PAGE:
• Lactic Acid Accumulation: Lactic acid is formed as a result of the insufficient level of oxygen in the blood required to oxidize glucose into energy. Hence, lactic acid augments this insufficiency by producing energy (although, far less compared to the energy gotten from the aerobic pathway) without the need for oxygen (anaerobic pathway). Persevering in such a situation results in more production of lactic acid as well as metabolites which accumulates as there isn't enough oxygen to break them down.

A percussive massage gun acts upon the muscles, sending pulses that travel even to the muscle capillaries to shake and flush out every metabolite and debris, while the normal intake of oxygen automatically breaks down the accumulated lactic acid.

  • Muscle Inflammation: Muscle inflammation occurs as a result of intense vigorous exercises, and is usually characterized by pain(though varies among individuals), swelling and weakness. Muscle inflammation diseases include polymyositis, rhabdomyolysis, and dermatomyositis.

Applying a massage gun around the swelling or weak part of the body helps to speed up the recovery rate of the muscle, thus, getting rid of the inflammation by increasing blood circulation in that area.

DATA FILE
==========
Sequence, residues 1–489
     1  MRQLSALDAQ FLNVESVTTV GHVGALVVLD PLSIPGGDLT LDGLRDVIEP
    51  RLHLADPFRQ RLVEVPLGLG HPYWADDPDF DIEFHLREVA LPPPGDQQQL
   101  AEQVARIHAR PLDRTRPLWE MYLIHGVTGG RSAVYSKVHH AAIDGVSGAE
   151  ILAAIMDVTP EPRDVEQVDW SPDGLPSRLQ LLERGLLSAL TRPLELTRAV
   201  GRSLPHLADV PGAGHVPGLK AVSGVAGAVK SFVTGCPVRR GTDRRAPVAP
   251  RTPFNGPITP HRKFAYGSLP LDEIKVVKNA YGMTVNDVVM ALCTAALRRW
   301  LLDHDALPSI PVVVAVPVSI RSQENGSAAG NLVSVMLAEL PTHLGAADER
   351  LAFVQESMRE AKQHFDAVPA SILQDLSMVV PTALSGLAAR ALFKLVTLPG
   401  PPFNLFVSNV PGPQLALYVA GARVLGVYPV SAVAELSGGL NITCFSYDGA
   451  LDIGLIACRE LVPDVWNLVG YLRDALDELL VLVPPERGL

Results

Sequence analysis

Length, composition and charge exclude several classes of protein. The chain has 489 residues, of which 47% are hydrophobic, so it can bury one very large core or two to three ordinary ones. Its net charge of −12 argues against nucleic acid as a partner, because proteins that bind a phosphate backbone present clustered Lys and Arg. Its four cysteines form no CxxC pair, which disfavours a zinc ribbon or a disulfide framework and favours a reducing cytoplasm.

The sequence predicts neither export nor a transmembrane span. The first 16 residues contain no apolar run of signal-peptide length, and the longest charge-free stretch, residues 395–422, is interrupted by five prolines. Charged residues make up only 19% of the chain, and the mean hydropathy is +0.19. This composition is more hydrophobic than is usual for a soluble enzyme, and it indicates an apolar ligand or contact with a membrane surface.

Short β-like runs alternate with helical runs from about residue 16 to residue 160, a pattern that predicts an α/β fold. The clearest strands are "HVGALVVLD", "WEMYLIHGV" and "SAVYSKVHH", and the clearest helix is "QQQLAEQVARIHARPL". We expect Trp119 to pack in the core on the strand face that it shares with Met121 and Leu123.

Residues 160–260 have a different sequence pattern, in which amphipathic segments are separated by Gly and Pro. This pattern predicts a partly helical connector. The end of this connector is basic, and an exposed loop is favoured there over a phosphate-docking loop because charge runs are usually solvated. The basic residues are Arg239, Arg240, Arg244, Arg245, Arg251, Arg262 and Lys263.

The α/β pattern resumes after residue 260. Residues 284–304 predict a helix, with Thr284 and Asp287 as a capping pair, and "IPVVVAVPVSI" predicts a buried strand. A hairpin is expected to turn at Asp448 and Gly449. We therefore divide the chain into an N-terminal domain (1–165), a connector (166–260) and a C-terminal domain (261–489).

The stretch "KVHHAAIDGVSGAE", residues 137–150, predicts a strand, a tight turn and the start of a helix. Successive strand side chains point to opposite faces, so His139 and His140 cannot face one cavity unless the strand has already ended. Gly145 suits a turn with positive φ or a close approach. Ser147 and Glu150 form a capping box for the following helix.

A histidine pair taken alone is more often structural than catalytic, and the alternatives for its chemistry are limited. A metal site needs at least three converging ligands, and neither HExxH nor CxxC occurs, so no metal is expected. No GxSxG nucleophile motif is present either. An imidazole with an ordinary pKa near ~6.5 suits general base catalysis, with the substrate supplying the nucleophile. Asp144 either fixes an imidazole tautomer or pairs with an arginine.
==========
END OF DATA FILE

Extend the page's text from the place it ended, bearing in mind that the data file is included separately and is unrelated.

• Range Of Motion: When experiencing DOMS, the general efficiency and flexibility of the athlete or individual reduce relatively. The muscles become stiff, hence clumping together, coupled with the shortage of oxygen and lymph flow restrictions. All these make every movement of that part of the body respond with pain (which could be excruciating). 

For athletes, being swift and flexible are needs that cannot be over-emphasized. That is why having a massage gun cannot be overemphasized either. The massage gun relaxes and liberates the muscle fibers, straightening the muscle strands, consequently getting rid of the rigidity and stiffness that impedes the athlete's performance. 

In the long run, the benefits of a massage gun, are holistic.